Uncomfortable?  Talk to an ex-player sometime.  Anecdotal as it is, I'm used to hearing ex-players, even players who once played in the same circles I did, talk about how childish it all was.  How silly.  How everyone argued all the time.  How bored they were.  How they don't understand why they ever played.  How amused they are to hear that I still play.

That's the real state of the game.  Not the hype or the mainstream or what hipsters are doing in Seattle bars ... but the legacy of it all.  Not what you think about the game right now, but what you're going to think about the game five years from now.

You think you'll still like it fine ... but a lot happens in five years.

You never know what you'll start believing ...


ViP said...

"I'm used to hearing ex-players, even players who once played in the same circles I did, talk about how childish it all was"

Some even devote an entire book to explaining how they wasted their youth playing the game.

Fuzzy Skinner said...

"I'm sure that other persons of other countries speaking other languages also spend money into the coffers of the company [...]"

JB has posted a lot in the past about how little the WOTC seemed to care about foreign-language players - and this in the modern era of digital distribution, circumventing much of the cost of printing and/or shipping full-color hardcover books on the opposite side of the planet. Say what you will about TSR, at least they managed to keep various editions of the game in non-English print (including Hebrew and Japanese) well into the 90s.

Granted, most of his grumblings were from a year or two ago... but surely the company has had a major change of heart and stopped merely pretending to care about non-Anglophone markets, right?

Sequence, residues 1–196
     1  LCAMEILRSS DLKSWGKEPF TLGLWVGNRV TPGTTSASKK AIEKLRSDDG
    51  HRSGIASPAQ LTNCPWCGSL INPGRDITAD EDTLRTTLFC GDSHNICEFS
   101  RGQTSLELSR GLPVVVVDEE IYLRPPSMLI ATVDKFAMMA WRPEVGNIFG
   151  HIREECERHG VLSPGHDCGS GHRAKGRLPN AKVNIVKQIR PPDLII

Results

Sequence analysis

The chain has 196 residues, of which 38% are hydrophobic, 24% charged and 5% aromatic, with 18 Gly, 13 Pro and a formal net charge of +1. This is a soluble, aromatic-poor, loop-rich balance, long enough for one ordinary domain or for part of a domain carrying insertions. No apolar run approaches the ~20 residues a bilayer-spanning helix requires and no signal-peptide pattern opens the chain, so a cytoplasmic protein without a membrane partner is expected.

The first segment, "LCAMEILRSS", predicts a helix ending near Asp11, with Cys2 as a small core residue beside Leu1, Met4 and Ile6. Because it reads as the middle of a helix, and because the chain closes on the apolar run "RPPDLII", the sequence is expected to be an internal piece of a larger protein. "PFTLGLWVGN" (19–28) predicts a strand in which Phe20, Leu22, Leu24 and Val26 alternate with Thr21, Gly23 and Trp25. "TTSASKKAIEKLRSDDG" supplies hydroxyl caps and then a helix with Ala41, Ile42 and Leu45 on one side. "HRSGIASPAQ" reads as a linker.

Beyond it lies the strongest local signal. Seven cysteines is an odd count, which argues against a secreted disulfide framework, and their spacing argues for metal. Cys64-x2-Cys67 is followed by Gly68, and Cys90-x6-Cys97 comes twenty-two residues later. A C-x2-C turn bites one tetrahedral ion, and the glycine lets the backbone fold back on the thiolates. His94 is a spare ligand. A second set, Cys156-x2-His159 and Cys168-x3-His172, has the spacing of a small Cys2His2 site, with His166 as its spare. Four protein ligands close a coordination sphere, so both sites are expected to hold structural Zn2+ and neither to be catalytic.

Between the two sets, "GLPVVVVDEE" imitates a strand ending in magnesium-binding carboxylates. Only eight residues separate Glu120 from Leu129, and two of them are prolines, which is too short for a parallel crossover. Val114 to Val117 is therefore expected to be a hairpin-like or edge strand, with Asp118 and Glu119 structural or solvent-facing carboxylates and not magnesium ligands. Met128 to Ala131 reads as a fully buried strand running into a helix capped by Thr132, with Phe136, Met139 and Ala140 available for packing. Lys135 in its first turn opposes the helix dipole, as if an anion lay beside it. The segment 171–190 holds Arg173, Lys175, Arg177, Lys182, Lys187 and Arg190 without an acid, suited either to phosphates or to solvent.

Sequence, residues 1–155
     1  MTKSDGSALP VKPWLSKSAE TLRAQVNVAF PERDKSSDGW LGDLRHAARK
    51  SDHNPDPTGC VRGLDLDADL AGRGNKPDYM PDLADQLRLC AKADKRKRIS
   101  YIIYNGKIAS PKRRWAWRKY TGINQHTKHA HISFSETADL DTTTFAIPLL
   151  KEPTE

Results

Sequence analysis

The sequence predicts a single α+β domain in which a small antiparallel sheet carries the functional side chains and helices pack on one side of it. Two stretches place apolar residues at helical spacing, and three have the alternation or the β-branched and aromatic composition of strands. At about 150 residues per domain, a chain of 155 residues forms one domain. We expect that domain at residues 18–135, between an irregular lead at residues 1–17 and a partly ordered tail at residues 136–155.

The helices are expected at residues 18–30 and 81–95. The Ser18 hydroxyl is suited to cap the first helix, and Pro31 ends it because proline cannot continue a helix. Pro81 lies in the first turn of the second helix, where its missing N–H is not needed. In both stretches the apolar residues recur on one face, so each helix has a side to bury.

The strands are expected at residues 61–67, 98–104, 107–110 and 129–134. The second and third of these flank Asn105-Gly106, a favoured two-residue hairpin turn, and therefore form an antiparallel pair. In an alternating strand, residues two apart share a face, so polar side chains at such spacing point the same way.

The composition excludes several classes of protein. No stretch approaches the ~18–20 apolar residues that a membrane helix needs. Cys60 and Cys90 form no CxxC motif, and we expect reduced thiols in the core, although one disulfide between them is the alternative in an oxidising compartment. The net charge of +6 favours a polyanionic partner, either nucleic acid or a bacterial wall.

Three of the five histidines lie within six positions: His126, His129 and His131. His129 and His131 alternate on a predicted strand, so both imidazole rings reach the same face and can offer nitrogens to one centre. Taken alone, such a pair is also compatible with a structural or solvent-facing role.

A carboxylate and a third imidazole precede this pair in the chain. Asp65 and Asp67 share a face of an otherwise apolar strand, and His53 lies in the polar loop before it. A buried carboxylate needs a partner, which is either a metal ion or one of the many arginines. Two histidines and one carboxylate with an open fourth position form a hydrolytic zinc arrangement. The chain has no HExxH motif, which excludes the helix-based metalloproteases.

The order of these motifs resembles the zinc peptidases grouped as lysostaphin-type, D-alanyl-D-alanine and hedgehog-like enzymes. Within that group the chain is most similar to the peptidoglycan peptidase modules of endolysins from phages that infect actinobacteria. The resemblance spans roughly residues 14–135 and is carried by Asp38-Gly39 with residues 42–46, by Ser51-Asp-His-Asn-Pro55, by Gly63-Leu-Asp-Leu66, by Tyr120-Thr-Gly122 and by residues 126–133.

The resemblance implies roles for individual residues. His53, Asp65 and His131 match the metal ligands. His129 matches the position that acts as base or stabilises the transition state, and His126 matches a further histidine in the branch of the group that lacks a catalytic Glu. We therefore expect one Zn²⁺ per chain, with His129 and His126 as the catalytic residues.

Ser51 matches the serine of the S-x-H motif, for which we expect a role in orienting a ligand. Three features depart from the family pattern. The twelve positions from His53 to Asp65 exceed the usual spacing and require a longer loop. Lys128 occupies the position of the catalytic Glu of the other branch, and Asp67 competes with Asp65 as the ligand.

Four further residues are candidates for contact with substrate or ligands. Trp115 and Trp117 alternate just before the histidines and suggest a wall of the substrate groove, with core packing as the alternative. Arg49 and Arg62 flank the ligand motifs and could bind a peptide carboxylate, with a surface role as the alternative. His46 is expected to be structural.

Rob Schwarz said...

How would one even go about getting numbers for ex-players?

There are probably a metric ton of ex-gamers that returned as they got older. Those can possibly polled to get some kind of numbers. Wizards might also find that the number of "new" gamers is far smaller than believed once return gamers are factored in.

Alexis Smolensk said...


Thank you for the link. The reviews of the book were certainly telling, describing this kid who plainly still liked the game but felt the need to run it down for his own reasons.

Alexis Smolensk said...

Most likely, Fuzzy, the WOTC talks that way because their marketing tells them so. Companies rarely release a word about anything unless marketing has put their kindly, caring spin on it first. Personally, I get a lot of support from both Europe and Asia, plus Australia ~ and absolutely, thanks to all of you. I guess I don't mind that the number of Canadians isn't included in that 8.6 million ... I've not had much trouble finding Canadian D&D players. My boss at present is an ex-DM. 3rd Edition.

Alexis Smolensk said...

Rob, I'd be happy to know how they got the numbers for players. It sounds awfully fluffed up. According to, the number of participants skiing in the U.S. has ranged from 11.42 million to 16.03. The number of snowboarders in 2016 were approximately 7.6 million. Maybe it's just my anecdotal bias showing, but I'm having a little trouble believing that D&D is competing with those numbers. Where's the endlessly looping video of D&D players throwing dice when I go to the bar?

Ozymandias said...

I love the first five reviews for the book. Really gives a sense of who the author is.

Ozymandias said...

Anecdotally speaking . . .

I have two older brothers. We've all played the game. The eldest still plays; Pathfinder, probably 5e, and his daughter play in his game. The second brother stopped playing when he went to college years ago. He recalls the game in the manner described above: a thing children did and that we grow out of.

I don't actively play because I don't have time. Instead, I find a few minutes or an hour here and there to research, make new rules, build databases, write my blog, etc. When I do run again, it won't be the current edition. I'll probably never purchase a WotC product again.

Am I one of these 8.6 million? What about my brothers?

I wrote about the potential of a digital platform for D&D ( but imI starting to rethink my assessment: maybe Wizard's isn't making as much off their 8 million players as I thought . . .